All through treatment, and for the prior year, the patient had copious oral eructations, with a painful feeling of trapped gas in the abdomen.  One carminative after another was tried, natural and conventional, with no effect.  A colonic had once made this worse, and the patient was not eager to try colonics or coffee enemas.  During her last week and a half, jaundice and ascites became apparent.  We feared compromise of the above vessels and ordered a MRI.  This is where things became confusing.   The portal vein was clear and uncompromised.  The bile ducts were not dilated or kinked, that we could see.  The caudate lobe was atrophied, and although the liver had been almost entirely replaced by cancer, the radiologist found no uptake of contrast aside from that expected in a normal liver.  No mass took up the contrast.  The cancer appeared to be inactive.  We were of course expecting mass effect on the large vessels into and out of the liver, but neither the patient and I nor the radiologist saw any evidence for that on the MRI images.

Within a couple of days, I recommended going to the emergency room after the jaundice, ascites and green-black stools (after high greens intake) presented all together.  The patient wanted to hold out and wait till last Monday to see a GI specialist, despite my recommendations, because she feared too much of a revolving door of doctors in the hospital.

But Monday didn’t come soon enough.  On Sunday evening, the patient began to vomit blood, collapsed and was taken to a hospital that has previously shown hostility to patients who have chosen natural treatments, not going to either of the hospitals that I had suggested earlier in the week.

When I got to the hospital on Monday afternoon, the patient was restless, drowsy, with dyspnea, with an O2 sat of 99%, BP = 73/33.  A nasogastric tube was removing medium to dark red blood.  The nurse told me the patient was losing blood as fast as they were putting it in her, and her hemoglobin had gotten down to 5, which explained the air hunger, but little else to me at that time.

I got on the phone with the GI doctor who had just seen her.  He said her platelets were very low, and it was strange but she almost had a DIC-like condition.  He could not scope her because there was too much blood to be able to see anything.  The patient had told me when I arrived to the hospital that the ascites fluid removed in the paracentesis appeared to be clear, although there was non-stop blood being drained from her stomach by the NG tube.

The GI doctor’s differential included a bleeding ulcer and/or the cancer breaking through to the stomach and an artery.  He was surprised when I told him about the lack of contrast uptake on the MRI of a few days prior.  Yet, still thinking macroscopically, and still suspecting obstruction in the caudate lobe, I asked him if stents could be placed.  He declined as explained below.

Dr. Proefrock and I later suspected that what may have happened was that the liver was so compromised that a person who previously tested normal for G6PD may have lost her ability to make G6PD.  This is turn would explain the jaundice and the DIC condition, coming from hemolytic anemia.

G6PD you’ll remember is necessary to test for prior to IV Vitamin C, because it is necessary to dehydrogenate glucose 6-phosphate.  This adds a H+ to NADP to produce NADPH.  NADPH in turn converts oxidized glutathione (GSSG) to reduced glutathione (GSH).  Reduced glutathione in turn can neutralize oxidants such as H2O2, which are hell on cell membranes, particularly the vulnerable RBC (except when protected by catalase, which normal non-neoplastic cells are, because catalase breaks down H2O2 to H2O and O2. Cancer cells are different in part for not having catalase, making them more vulnerable to the H2O2 from Vitamin C.  Remember H2O2 is produced in the extracellular fluid from high dose intravenous Vitamin C.) Without G6PD to give all this protection, the RBCs lyse, spilling bilirubin into the bloodstream, showing up as jaundice and producing the fatigue of hemolytic anemia.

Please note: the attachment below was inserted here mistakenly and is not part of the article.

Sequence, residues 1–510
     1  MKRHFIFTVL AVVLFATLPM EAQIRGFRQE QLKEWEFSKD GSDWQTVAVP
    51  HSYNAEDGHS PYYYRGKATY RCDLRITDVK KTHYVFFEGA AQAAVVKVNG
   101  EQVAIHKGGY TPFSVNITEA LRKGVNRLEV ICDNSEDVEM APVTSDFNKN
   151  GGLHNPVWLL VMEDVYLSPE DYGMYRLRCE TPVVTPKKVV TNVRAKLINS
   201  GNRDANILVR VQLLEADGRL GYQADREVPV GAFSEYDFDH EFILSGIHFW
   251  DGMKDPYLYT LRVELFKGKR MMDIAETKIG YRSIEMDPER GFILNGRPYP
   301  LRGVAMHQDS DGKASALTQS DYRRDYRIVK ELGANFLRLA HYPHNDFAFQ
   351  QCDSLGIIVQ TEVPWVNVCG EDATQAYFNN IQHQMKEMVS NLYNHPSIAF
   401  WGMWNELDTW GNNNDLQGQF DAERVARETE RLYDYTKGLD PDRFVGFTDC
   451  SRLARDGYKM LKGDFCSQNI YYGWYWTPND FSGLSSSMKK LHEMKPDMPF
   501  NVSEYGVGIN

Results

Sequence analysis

The hospital doctor told me that he was not going to do anything for this patient except palliative care.  When I tried to persuade him (and even tried to guilt-trip him) to do more, he said that life has to end at some time for everybody, and at most she would have three months, and that my concern made it seem that I was more of a friend to the patient than a doctor.   I wish I had said, well, we’ll take the 3 months, because as it turned out, the patient died only a few hours later.  The family didn’t even have time to fly in and say goodbye.  The blood loss was so severe that the blood pressure fell from 73/33 when I arrived to the hospital, to 29/15, and consciousness was not regained. To be fair to that doctor, not a lot can be hoped for with an uncontrollable bleed and/or DIC.  And no amount of stents would have made a difference.

The moral of the story is, and this is what I wish I had figured out in time, and will always regret that I hadn’t:

 When a patient with a very diseased liver gets jaundice, and your therapy includes high-dose Vitamin C, there may or may not be any bile duct compromise.  Go ahead and run a new G6PD lab, because it is hypothetically possible (although not yet documented in the medical literature that I can find) to have a normal to deficient seroconversion of your patient’s G6PD, and you may have to discontinue the vitamin C in a hurry.

On the other hand, what looks like a bleeding ulcer may simply be a bleeding ulcer.  And what presents as portal vein obstruction and bile duct obstruction in a person with a very diseased liver may not show up in imaging, and may be what it looks like from signs and symptoms.  For the above patient we will never know.

NEXT BOARD MEETING:  Friday, May 18, 2012 at noon, at the usual place, the clinic of Drs. Huber, Lashutka and Jemison, in Tempe.  Chipotle’s will be served, unless objections surface before then.

Dr. Huber continues to offer for her clinic to provide lunch for the meetings at no cost to the membership, in order to save up the usual $10 dues per quarter per person to pay the $400 fee for the eventual incorporation of the non-profit.


Before leaving, Dr. Stallone again urged that we use these meetings for Grand Rounds type presentations.

Elections by secret ballot.

Presentation of summary of your selected treatment protocols to the Board for an up or down vote on approval for Fellowship.

May I please order ANRI / NORI letterhead, to formally write a letter to the Fellows announcing the awarding of the Fellowship?

And then, without further ado, let’s jump right into the Grand Rounds that we all want, so that we actually get around to it this time.  Feel free to bring in a case to discuss, but don’t feel you have to in order to attend.

Anything else?  It’s always okay to add to the agenda, even at the last minute, but preferably earlier.

Colleen Huber, NMD

Secretary, ANRI / NORI